IRS Readies for Slew of Amended Returns

The IRS estimated last week that approximately 5 million taxpayers will amend their federal individual income tax returns by filing Form 1040X this year.

According to the nation’s tax-collection agency, taxpayers can use Form 1040X to do the following:

  • Correct forms 1040, 1040A, 1040EZ, 1040NR, or 1040NR-EZ.
  • Make certain elections after the prescribed deadline.
  • Change amounts previously adjusted by the IRS.
  • Make a claim for a carryback due to a loss or unused credit.

The IRS noted last Friday that taxpayers who need to amend their returns should file a Form 1040X only after filing the original return. Generally, for a tax credit or refund, taxpayers must file Form 1040X within three years, including extensions, after the date they filed their original return or within two years after the date they paid the tax – whichever is later. For most people, this means that returns for tax year 2011 or later can still be amended.

The IRS is recommending that same-sex couples consider filing amended returns. A same-sex couple, legally married in a state or foreign country that recognizes their marriage, is now considered married for tax purposes. This is true regardless of whether the couple lives in a jurisdiction that recognizes same-sex marriage.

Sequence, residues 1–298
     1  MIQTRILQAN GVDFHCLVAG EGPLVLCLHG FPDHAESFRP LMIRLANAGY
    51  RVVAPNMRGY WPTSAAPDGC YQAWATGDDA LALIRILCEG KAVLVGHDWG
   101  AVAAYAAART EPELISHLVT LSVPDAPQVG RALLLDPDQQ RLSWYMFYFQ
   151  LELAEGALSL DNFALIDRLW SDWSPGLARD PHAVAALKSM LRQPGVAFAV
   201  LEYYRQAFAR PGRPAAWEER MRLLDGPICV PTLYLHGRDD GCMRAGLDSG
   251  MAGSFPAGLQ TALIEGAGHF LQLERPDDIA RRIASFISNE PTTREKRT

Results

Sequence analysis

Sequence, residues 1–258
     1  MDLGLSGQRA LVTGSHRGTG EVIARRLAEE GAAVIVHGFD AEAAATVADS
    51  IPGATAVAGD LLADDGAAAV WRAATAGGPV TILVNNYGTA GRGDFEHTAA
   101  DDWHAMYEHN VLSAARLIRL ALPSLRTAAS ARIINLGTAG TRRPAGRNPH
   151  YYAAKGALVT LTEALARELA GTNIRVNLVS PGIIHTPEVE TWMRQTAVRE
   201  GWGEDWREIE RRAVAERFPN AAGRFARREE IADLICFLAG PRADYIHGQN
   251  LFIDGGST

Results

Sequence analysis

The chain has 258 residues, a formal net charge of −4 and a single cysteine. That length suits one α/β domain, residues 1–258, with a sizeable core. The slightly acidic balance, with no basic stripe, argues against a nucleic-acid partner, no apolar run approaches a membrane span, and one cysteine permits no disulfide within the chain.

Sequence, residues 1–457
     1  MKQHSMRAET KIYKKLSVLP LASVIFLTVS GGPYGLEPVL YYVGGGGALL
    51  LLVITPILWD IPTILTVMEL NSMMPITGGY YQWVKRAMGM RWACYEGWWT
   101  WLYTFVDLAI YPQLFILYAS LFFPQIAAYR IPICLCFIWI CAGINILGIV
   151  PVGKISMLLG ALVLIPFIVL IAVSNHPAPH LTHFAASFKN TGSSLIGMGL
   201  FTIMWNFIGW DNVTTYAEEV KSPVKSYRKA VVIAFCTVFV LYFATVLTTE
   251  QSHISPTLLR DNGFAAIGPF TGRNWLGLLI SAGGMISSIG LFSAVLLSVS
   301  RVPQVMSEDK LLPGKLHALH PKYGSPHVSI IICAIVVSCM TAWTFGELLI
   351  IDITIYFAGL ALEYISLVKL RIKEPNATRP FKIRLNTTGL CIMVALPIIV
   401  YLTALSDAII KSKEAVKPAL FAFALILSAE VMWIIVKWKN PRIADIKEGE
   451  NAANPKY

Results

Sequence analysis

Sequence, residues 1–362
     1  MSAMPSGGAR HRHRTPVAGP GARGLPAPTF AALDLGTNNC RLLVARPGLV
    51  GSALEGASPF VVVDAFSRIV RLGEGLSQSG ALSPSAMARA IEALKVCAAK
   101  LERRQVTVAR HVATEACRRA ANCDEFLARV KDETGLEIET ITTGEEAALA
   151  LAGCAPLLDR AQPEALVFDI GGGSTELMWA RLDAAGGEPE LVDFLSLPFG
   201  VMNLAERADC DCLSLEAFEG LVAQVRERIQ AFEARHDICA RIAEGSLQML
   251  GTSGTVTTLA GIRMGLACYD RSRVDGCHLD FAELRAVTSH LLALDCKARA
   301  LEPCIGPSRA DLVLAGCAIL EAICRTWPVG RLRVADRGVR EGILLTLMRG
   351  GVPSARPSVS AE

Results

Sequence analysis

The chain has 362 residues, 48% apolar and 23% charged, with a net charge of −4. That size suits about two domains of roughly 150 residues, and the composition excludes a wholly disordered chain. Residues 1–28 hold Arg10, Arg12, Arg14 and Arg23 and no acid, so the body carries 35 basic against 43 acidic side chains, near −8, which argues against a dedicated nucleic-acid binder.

“For returns originally filed before September 16, 2013, legally married same-sex couples have the option of filing amended returns to change their filing status to married filing separately or married filing jointly,” the IRS noted. “But they are not required to change their filing status on a prior return, even if they amend that return for another reason. In either case, their amended return must be consistent with the filing status they have chosen.”

More information is available on the IRS website.

Because all amended returns must be filed on paper, allow up to 12 weeks for Form 1040X to be processed. Starting three weeks after filing their amended returns, taxpayers can use the “Where’s My Amended Tax Return?” tool on the IRS website to check the status.

Related articles:

Ask and You Shall Receive: E-filing Up This Tax Season
Tax Returns Keep Rolling In to the IRS

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